Smartwaiver is excited about the CCPA and the strong data privacy and security requirements it emphasizes and we look forward to helping our customers comply with the new regulations. We are committed to ensuring our own compliance and helping our customers understand their obligations as well.

Steps Smartwaiver is taking to be CCPA compliant include:

  • Making available a GDPR/CCPA-compliant Customer Data Processing Agreement for Smartwaiver’s processing of personal data under the GDPR and CCPA on behalf of its customers. If your use of Smartwaiver requires Smartwaiver to process personal data within the scope of the GDPR or CCPA, Smartwaiver’s GDPR-CCPA Data Processing Addendum is available for e-signature here.
  • Vendor agreements review: To ensure that our customers’ personal data is protected all the way down the sub-processing chain, we are reviewing our vendor agreements and ensuring CCPA-compliant terms are in place with vendors and service providers who process CCPA personal data on our behalf.
  • Making behind the scene changes to ensure that the Smartwaiver platform and services are CCPA compliant and support CCPA rights: Including implementing changes focused on record deletion, waiver privacy policy viewing, opt-in consents, and cookie consents. Smartwaiver has also been working to ensure that we are able to help our customers to respond to any data subject requests that they may receive and proactively ensuring CCPA compliance for every new product or enhancement.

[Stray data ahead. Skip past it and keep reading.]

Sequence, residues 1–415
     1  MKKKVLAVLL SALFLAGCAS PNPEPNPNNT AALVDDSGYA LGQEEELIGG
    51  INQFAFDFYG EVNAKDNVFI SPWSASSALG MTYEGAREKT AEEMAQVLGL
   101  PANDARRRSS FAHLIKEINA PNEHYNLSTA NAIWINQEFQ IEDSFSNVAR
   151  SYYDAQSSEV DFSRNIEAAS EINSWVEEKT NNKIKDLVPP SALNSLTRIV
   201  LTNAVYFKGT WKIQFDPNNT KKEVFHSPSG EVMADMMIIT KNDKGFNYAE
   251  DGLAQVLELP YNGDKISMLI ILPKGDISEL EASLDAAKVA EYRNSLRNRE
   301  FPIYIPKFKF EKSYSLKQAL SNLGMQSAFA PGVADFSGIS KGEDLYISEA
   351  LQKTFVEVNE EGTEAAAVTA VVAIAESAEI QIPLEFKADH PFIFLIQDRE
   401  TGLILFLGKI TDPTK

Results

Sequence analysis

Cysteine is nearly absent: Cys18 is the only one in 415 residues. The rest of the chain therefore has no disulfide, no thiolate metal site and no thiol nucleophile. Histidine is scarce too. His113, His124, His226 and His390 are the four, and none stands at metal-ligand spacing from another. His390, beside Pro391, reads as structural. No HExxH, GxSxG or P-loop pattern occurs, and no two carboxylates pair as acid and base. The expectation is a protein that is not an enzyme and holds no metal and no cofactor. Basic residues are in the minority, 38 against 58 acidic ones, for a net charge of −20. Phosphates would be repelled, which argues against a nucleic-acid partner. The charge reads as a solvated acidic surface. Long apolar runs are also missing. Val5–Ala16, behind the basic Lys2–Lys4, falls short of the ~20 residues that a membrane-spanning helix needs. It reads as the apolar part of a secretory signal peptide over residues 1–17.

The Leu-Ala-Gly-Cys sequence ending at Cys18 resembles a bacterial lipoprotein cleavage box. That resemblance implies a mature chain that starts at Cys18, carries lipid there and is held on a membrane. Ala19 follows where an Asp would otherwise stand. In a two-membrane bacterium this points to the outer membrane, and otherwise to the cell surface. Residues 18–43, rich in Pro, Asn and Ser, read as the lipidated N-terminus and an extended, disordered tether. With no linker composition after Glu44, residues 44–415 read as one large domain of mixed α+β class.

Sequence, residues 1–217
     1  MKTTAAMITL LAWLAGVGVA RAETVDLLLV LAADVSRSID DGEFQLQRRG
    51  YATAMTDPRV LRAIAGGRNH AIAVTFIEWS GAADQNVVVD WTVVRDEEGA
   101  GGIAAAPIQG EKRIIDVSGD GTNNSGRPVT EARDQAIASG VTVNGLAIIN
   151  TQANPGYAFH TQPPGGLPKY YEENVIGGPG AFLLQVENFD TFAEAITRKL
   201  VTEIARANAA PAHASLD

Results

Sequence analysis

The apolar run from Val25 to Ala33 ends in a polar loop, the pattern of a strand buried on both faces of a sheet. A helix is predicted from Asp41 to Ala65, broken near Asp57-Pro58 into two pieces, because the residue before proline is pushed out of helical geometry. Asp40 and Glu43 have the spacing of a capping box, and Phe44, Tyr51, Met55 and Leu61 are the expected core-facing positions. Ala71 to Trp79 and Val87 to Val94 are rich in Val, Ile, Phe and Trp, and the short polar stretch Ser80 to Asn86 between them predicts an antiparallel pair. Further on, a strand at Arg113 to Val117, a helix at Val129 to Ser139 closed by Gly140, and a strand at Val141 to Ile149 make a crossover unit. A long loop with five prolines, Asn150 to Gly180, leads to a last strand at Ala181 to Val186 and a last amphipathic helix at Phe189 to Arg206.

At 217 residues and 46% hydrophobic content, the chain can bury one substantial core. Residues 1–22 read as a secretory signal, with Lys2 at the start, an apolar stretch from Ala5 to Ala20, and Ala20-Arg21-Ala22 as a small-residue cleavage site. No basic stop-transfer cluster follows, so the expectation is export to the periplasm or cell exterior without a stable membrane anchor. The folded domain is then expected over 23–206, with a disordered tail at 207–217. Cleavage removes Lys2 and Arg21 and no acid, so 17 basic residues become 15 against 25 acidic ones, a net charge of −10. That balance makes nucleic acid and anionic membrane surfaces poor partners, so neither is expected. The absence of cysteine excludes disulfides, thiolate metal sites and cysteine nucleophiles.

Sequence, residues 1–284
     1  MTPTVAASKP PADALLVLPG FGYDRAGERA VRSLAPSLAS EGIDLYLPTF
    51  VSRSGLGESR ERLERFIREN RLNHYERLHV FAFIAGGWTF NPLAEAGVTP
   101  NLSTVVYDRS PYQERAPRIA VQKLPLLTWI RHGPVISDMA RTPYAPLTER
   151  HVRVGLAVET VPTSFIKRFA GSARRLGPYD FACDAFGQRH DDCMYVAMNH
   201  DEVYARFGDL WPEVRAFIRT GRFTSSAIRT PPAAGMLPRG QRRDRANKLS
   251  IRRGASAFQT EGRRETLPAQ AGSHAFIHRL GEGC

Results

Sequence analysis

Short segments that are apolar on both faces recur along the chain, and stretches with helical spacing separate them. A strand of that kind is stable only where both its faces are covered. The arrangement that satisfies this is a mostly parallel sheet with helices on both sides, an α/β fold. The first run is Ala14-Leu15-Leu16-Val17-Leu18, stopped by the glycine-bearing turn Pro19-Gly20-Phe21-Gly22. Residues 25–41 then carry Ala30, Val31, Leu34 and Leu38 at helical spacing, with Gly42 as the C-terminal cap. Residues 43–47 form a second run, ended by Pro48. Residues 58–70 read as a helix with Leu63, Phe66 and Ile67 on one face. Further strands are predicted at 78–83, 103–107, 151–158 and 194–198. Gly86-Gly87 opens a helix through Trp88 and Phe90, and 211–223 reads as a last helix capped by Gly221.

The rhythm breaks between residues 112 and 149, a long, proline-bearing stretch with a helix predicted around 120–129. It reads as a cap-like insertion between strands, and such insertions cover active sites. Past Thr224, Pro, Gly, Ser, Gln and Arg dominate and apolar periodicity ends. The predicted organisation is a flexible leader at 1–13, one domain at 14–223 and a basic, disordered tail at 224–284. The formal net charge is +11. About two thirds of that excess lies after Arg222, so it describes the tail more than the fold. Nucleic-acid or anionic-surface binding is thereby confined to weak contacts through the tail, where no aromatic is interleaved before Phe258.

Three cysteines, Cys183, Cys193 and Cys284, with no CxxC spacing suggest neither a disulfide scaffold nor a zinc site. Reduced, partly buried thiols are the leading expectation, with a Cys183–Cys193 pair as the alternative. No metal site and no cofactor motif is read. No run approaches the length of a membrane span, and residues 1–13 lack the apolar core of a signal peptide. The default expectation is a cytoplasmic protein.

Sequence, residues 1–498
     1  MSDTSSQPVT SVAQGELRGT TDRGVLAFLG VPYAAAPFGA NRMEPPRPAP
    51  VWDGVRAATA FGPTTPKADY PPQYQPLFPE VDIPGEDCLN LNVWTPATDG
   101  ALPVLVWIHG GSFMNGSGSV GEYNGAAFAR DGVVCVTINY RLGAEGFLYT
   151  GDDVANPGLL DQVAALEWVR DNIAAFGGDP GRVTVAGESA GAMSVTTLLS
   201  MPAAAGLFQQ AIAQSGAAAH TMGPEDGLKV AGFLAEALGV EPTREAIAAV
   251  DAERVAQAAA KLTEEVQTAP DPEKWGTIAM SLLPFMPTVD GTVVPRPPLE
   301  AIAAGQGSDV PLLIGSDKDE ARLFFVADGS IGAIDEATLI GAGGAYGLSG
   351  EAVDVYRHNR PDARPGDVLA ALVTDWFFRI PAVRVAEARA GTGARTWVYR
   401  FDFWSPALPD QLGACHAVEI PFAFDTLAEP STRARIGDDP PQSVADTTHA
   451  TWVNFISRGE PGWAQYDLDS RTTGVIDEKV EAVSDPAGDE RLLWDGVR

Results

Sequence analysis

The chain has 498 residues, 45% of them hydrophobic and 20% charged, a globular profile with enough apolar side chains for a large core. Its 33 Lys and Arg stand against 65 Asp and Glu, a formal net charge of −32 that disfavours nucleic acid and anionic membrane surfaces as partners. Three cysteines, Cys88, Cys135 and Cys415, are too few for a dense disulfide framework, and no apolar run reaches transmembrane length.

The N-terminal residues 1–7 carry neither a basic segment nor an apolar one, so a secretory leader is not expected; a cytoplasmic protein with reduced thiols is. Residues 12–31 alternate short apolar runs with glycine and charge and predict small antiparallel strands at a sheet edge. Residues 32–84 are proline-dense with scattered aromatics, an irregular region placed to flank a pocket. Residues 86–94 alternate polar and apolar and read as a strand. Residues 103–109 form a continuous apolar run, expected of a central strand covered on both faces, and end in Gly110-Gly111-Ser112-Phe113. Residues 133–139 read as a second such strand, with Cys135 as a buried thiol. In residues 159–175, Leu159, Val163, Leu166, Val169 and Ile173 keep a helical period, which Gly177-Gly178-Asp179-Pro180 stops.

• Evaluating our Privacy and Cookie Notices and making any updates as needed.

What are Processors and Controllers?

A controller is a natural or legal person, public authority, agency or other body which, alone or jointly with others, determines the purposes and means of the processing of personal data. A processor is a natural or legal person, public authority, agency, or other body that processes personal data on behalf of the controller.

Data Processor vs. Data Controller

Data Controller: